WASHINGTON — California solar manufacturer Solyndra announced Wednesday that it is shutting down a factory built with the help of a $535 million federal loan guarantee and would file for bankruptcy.
It's the latest blow to U.S. efforts to regain a top spot in solar manufacturing and create jobs in the globally fast-growing clean-energy sector. Another U.S. company, Evergreen Solar, filed for bankruptcy in August.
Solyndra put 1,100 people out of work with the closure of its plant in Fremont, Calif. President Barack Obama visited the factory in May 2010 and stressed the importance of increasing U.S. production of solar panels.
Solyndra, which made cylindrical solar photovoltaic systems for commercial rooftops, said in a statement that it couldn't scale up fast enough to compete with larger foreign manufacturers. It had been struggling with competition from China.
The company exported its solar systems around the world, most recently to a supermarket rooftop in a suburb of Brussels. It also built the rooftop solar system for Seattle's football stadium, Qwest Field, home of the NFL's Seahawks.
Solyndra president and chief executive Brian Harrison said the company's failure was unexpected. He blamed regulatory policy changes that created oversupply and falling prices, and said it had become impossible to raise capital.
The global economics of solar power have been changing fast, the Energy Department said in a blog-post response to the Solyndra news. It cited these trends:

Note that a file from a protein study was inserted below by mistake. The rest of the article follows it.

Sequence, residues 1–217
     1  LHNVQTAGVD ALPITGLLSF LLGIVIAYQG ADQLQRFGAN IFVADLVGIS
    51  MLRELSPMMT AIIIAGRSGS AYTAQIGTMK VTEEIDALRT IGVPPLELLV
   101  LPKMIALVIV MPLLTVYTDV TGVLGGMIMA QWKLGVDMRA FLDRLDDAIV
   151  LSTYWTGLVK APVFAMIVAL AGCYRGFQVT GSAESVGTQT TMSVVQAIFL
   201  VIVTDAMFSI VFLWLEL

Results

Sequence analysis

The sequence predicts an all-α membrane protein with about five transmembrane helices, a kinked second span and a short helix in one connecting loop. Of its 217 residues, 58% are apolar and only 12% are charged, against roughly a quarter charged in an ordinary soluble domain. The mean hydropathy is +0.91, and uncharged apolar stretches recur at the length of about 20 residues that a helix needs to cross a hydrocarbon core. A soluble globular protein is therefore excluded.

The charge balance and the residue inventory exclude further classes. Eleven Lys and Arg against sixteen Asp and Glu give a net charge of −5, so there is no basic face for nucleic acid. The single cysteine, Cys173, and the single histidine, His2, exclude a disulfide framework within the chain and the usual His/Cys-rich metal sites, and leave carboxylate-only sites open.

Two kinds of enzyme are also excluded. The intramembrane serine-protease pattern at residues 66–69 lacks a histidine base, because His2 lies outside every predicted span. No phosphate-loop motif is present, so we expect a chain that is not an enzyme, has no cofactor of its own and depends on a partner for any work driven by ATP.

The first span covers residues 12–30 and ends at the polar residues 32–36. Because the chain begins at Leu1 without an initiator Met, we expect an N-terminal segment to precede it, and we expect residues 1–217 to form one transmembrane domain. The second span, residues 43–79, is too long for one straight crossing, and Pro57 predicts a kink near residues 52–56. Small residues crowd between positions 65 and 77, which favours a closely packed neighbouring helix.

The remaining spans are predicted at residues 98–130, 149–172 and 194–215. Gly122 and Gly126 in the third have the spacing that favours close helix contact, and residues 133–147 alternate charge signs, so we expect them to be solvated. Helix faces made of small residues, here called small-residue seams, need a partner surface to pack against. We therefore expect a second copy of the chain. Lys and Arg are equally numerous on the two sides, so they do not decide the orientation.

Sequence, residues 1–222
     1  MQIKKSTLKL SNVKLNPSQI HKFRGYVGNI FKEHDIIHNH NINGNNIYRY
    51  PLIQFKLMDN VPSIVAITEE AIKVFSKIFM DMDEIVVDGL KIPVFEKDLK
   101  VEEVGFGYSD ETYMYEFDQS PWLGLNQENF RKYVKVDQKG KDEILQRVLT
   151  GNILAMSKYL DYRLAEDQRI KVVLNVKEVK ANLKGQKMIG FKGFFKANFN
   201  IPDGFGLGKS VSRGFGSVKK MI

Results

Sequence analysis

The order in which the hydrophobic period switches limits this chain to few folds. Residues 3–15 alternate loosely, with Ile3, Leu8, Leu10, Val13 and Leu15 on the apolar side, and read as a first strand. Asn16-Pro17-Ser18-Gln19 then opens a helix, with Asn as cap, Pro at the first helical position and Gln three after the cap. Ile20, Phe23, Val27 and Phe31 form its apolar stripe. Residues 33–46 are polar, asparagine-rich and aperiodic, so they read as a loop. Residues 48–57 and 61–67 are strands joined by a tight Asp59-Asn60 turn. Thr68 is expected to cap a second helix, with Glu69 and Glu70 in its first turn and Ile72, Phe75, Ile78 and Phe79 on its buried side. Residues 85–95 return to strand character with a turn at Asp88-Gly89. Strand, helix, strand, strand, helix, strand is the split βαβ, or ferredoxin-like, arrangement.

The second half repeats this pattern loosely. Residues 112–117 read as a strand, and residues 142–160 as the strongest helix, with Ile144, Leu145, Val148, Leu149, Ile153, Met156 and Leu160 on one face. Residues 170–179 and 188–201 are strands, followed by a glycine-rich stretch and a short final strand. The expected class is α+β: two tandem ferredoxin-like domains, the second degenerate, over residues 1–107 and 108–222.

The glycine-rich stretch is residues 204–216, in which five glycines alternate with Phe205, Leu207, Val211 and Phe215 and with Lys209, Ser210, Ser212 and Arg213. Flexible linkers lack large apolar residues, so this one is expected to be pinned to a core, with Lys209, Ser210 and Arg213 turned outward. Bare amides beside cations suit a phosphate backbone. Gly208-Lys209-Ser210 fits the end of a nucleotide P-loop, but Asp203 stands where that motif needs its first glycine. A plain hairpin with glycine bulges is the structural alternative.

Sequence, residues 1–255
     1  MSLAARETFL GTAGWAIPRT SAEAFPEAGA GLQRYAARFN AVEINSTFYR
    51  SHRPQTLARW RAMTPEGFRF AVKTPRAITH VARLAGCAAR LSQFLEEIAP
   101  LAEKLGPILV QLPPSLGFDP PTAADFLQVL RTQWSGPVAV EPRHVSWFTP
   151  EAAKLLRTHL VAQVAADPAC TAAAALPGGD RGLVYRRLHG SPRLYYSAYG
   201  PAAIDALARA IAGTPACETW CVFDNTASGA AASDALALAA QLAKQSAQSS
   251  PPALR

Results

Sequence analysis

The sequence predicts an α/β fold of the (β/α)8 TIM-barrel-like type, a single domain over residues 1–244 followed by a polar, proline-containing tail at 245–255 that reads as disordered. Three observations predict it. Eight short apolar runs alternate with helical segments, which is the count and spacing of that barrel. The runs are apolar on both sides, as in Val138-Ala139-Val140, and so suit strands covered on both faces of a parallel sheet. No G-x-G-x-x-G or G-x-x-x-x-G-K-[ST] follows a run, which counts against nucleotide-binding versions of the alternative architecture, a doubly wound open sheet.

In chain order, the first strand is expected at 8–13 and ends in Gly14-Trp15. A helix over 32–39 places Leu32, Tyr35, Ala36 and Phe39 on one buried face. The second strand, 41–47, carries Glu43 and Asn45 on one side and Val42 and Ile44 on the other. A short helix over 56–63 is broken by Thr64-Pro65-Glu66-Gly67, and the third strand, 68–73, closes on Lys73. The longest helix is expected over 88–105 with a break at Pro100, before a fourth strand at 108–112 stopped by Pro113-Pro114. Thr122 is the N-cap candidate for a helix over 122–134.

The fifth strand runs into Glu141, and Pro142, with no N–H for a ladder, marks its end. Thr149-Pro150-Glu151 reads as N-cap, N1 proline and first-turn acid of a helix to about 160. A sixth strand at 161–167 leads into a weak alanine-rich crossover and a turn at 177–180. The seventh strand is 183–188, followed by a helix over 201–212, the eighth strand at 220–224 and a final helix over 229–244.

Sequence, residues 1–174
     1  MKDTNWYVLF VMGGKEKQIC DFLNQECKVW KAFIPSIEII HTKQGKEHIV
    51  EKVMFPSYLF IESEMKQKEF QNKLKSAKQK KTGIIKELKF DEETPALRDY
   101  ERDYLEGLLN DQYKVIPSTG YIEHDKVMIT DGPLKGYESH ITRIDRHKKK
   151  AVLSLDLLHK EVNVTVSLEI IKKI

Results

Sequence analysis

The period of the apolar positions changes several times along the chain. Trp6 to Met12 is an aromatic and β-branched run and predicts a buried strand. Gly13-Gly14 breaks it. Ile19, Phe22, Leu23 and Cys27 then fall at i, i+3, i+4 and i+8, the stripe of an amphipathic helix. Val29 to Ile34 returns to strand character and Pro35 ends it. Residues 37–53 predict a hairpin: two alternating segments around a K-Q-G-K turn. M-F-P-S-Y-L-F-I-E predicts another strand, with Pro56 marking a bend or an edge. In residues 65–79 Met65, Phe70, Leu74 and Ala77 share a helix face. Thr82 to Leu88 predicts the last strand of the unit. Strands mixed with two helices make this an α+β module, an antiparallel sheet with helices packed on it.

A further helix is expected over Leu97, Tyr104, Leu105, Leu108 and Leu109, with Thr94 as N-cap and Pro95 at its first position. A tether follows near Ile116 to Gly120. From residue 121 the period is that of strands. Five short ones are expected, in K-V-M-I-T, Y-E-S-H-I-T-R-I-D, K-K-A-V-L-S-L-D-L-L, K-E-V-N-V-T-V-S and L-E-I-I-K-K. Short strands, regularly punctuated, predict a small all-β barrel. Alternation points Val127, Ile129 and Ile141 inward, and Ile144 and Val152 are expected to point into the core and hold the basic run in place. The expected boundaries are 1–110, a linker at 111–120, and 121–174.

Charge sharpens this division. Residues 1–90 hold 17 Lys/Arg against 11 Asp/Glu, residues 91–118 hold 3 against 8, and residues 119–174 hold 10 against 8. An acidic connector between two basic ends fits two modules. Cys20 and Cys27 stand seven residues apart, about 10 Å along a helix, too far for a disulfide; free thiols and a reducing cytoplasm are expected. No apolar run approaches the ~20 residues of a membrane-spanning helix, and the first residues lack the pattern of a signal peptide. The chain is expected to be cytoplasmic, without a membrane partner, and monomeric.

• China, which exports more solar panels to the United States than any other country, has been providing interest-free financing to its companies.
• European countries have been reducing their subsidies for solar power. Europe is the world's biggest solar market.
• The price of solar cells has fallen 42 percent since the start of the year.
In Congress, the Solyndra loan guarantee already had become the focus of a fight over Obama's economic stimulus program, which included money to boost renewable energy.
The Republicans who control the House Energy and Commerce Committee had been investigating the use of stimulus money in 2009 for the Solyndra loan guarantee. The company ran into financial problems afterward and hadn't hired as many people as expected.
The committee issued a subpoena in July that compelled the White House Office of Management and Budget to turn over documents about the Solyndra loan guarantee.
Energy Department spokesman Dan Leistikow noted that private investors had put more than $1 billion into Solyndra and the company had sold more than 1,000 solar systems in 20 countries.
Leistikow defended the loan guarantee program, writing on the department's blog, Energy.gov:
"We have always recognized that not every one of the innovative companies supported by our loans and loan guarantees would succeed, but we can't stop investing in game-changing technologies that are key to America's leadership in the global economy. These projects, which include more than 40 other companies, are on pace to create more than 60,000 jobs."